I asked why and he curtly responded, because I haven’t any time to waste talking about something this important with someone who lacks the decency to admit we are two uncertain human beings trying to make sense of mysteries. I know that I am an uncertain human. Do you?” Sadly, at the time I did not, so our conversation floundered on the shoals of my unacknowledged uncertain (or humanity).

Faith is not the absence of doubt. Faith is the presence of love.

Taken from Faith in the Shadows: Finding Christ in the Midst of Doubt by Austin Fischer. Copyright (c) 2018 by Austin Fischer. Published by InterVarsity Press, Downers Grove, IL.

Why I Share

Renowned author Henri Nouwen used the book In Memoriam to tell the story of his mother’s death and his consuming grief. Somebody asked Nouwen, “Why do you do this? Why are you so public about your personal problems?” Nouwen replied, “I always try to turn my personal struggles into something helpful for others.

 J. Howard Olds, in Ministry matters, August 1st, 2008.


To Love is to Suffer

After C. S. Lewis lost his wife Joy to cancer, he wrote these words about the inextricable link between love, suffering, and vulnerability:

To love at all is to be vulnerable. Love anything and your heart will be wrung and possibly broken. If you want to make sure of keeping it intact you must give it to no one, not even an animal. Wrap it carefully round with hobbies and little luxuries; avoid all entanglements. Lock it up safe in the casket or coffin of your selfishness. But in that casket, safe, dark, motionless, airless, it will change. It will not be broken; it will become unbreakable, impenetrable, irredeemable. To love is to be vulnerable.

C.S. Lewis, The Four Loves, Harper One.

The Music Must Always Play

As Europe plunged ever deeper into a second world war, the British poet W.H. Auden composed a poem (“September 1, 1939”) that peels back our human tendency to cover up all fear and uncertainty with sentimentality. But, as Fleming Rutledge notes, “the poet knows better:”

Faces along the bar

Cling to their average day:

The lights must never go out,

The music must always play.

All the conventions conspire

To make this fort* assume

The furniture of home;

Lest we should see where we are,

Lost in a haunted wood,

Children afraid of the night

Who have never been happy or good.

*emphasis mine

Ultimately, a flourishing life can only be lived when we face our fears head on, to allow our “fort”-like defenses down. The season of Advent calls us to peel back these layers, to see the situation, that is, our utter need of a savior, for the truth of what it is.

Source Material from “W. H. Auden, “September 1, 1939,” in The Collected Poetry of W. H. Auden (New York: Random House, 1945), 57.” Fleming Rutledge, Advent: The Once and Future Coming of Jesus Christ, Eermdans, 2018.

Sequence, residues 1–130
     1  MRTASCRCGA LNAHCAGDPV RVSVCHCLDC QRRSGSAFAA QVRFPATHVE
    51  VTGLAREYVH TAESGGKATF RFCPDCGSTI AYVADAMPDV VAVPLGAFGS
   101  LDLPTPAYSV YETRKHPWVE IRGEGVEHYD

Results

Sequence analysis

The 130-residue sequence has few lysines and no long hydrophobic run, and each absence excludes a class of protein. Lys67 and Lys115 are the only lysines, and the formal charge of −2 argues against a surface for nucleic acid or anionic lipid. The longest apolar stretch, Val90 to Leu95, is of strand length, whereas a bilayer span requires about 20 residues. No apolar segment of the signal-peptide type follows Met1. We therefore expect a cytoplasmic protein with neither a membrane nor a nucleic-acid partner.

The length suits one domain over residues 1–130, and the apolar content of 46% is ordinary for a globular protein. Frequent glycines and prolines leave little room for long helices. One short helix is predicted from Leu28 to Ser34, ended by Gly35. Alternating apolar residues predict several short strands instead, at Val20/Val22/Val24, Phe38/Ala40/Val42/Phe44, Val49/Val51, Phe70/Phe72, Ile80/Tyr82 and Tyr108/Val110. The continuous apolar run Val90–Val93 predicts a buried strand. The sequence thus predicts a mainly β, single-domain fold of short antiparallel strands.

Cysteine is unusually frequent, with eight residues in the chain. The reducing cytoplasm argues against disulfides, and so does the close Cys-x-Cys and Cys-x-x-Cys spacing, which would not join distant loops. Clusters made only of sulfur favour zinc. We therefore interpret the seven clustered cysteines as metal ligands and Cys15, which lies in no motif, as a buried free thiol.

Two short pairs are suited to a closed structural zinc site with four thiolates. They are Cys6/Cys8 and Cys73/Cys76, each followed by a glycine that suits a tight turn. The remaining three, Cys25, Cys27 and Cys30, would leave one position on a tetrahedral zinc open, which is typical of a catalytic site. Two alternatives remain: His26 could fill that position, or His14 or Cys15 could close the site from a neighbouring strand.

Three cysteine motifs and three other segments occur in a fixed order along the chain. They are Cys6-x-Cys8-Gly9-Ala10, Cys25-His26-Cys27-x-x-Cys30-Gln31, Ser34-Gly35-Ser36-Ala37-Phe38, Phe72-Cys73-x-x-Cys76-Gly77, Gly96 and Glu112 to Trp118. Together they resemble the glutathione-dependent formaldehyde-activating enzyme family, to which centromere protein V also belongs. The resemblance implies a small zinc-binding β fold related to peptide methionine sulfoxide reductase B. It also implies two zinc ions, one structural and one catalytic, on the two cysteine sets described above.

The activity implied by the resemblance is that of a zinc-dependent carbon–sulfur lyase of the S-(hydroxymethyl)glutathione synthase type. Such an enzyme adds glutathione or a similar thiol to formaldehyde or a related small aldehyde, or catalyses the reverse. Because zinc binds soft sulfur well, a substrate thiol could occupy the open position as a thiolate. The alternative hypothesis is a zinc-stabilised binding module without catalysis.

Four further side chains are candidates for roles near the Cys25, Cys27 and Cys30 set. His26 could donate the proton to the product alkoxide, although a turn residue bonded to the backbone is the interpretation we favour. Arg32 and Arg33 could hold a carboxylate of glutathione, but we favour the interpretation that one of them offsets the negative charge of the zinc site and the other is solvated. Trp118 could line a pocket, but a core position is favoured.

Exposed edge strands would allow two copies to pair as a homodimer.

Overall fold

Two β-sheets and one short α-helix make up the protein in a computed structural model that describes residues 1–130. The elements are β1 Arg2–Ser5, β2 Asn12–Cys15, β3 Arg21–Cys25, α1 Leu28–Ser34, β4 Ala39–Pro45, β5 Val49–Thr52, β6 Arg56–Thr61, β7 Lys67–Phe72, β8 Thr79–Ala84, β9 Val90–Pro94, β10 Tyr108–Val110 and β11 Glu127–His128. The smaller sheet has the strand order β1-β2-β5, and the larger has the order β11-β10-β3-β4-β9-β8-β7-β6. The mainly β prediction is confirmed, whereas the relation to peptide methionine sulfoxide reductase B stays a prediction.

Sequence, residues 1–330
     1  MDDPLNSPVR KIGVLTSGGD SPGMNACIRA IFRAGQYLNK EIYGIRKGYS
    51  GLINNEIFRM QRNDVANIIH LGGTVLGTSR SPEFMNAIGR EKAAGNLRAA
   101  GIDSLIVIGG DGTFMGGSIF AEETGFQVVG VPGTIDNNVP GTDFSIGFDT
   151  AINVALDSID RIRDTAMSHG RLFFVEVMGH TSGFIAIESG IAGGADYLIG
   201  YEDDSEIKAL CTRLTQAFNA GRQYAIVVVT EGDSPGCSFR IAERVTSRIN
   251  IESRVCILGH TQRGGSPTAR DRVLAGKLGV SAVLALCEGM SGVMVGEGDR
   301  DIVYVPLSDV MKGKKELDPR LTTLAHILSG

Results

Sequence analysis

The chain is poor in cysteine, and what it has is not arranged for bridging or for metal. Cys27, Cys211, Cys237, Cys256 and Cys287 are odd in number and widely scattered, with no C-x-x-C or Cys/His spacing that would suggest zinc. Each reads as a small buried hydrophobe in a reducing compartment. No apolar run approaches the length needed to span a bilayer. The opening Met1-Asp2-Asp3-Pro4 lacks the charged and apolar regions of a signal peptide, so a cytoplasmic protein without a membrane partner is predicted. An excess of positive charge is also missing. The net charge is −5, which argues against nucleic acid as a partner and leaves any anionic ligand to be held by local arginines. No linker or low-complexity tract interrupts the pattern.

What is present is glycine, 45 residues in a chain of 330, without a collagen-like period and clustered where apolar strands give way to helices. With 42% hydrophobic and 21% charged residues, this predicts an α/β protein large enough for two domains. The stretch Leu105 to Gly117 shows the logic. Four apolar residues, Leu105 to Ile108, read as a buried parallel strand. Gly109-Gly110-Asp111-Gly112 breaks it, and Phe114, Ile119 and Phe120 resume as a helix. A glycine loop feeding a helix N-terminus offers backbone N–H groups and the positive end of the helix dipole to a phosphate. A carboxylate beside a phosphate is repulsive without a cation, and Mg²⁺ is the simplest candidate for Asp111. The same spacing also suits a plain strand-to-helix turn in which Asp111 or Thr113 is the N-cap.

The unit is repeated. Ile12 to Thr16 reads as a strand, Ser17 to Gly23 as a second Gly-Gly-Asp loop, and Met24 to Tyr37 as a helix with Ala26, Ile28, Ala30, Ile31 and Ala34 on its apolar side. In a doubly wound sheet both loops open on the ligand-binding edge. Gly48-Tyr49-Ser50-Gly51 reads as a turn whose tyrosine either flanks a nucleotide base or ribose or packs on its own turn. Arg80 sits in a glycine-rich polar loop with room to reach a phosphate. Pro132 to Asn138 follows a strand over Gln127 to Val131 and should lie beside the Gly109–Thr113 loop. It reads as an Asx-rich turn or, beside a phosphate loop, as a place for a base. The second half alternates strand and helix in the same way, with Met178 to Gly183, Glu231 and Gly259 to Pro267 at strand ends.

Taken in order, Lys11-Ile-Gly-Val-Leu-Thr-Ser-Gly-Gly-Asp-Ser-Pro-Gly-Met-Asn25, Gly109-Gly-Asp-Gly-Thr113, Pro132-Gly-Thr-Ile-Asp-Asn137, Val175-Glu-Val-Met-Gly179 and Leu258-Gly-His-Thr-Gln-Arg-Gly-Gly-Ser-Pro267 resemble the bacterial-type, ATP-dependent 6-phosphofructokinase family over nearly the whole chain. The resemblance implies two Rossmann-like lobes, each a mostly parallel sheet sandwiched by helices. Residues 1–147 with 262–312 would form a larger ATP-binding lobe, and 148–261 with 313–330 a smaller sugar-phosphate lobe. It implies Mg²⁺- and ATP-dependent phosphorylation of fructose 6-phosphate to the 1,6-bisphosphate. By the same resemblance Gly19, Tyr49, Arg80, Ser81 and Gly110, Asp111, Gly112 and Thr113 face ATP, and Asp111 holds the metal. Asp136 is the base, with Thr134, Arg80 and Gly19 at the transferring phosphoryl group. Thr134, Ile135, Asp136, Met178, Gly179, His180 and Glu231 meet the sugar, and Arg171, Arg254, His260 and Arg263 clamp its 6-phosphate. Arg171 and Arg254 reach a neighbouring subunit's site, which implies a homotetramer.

Nakedness is a Funny Thing

In his excellent book, Strong & Weak, Andy Crouch discusses the unique phenomenon of nakedness, something, as he will argue, no other species really experiences. “Nakedness” has, for good reason, been used as a shorthand for experiences of vulnerability. Therefore, one might argue, a part of what it means to be human is to be naked is to be vulnerable:

Of all the creatures in the world, only human beings can be naked. By adulthood, every other creature naturally possesses whatever fur, scales or hide are necessary to protect it from its environment. No other creature—even naked mole rats or Mr. Bigglesworth, the hairless feline sidekick of Mike Myers’s movie villain Dr. Evil—shows any sign, in its natural state, of feeling incomplete in the way that human beings consistently do. Only human beings live our whole lives able to return to a state that renders us uniquely vulnerable, not just to nature but to one another.

Taken from Strong and Weak by Andy Crouch. Copyright (c) 2016 by Andy Crouch. Published by InterVarsity Press, Downers Grove, IL.

Washing another Person’s Feet (Is Difficult)

I Am more or less ready to wash someone’s feet, but, like Peter, I discover I am not prepared to have my feet washed. I am willing to play like I am a servant and wash the feet of someone else. When I wash the feet of someone else I am still in control But to have someone wash my feet makes me feel vulnerable.

My feet are not all that attractive and they are usually covered up. To ask me to take off my socks feels like I am being asked to expose myself.

It makes me feel distinctly uncomfortable and I am not at all sure I lib what we are about to do. To have someone wash my feet, moreover, is an act of intimacy. We are asked by the one kneeling before us, “May I your feet? Who is this person willing to wash my feet? I may not even know his or her name.

I am supposed to enthusiastically say, “Yes, by aII means wash my feet.” But that means he or she will have to touch me. Dear God, how did I get myself into this predicament?

I did not come to church to be served, to be cared for, by someone else. Yet here I am, stuck in this communal rite that requires some acknowledgment on my part that this is a practice worth doing. This is not going to be easy.

Stanley Hauerwas, Without Apology: Sermons for Christ’s Church, Seabury Books, 2013, p.15.